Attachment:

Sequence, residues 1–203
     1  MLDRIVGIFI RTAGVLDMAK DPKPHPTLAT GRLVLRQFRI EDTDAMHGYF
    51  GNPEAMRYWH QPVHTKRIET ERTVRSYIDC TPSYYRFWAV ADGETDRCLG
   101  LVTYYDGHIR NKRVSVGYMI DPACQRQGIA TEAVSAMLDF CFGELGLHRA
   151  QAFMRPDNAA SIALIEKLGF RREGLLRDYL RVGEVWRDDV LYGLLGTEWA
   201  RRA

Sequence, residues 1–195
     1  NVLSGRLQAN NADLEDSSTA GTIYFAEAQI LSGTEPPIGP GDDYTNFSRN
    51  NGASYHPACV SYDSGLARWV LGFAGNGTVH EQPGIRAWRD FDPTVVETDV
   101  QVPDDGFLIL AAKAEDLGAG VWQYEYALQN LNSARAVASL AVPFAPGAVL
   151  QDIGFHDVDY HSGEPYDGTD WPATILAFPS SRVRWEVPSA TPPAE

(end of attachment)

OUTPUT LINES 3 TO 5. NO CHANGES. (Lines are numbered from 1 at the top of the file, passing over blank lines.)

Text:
    51  GNPEAMRYWH QPVHTKRIET ERTVRSYIDC TPSYYRFWAV ADGETDRCLG
   101  LVTYYDGHIR NKRVSVGYMI DPACQRQGIA TEAVSAMLDF CFGELGLHRA
   151  QAFMRPDNAA SIALIEKLGF RREGLLRDYL RVGEVWRDDV LYGLLGTEWA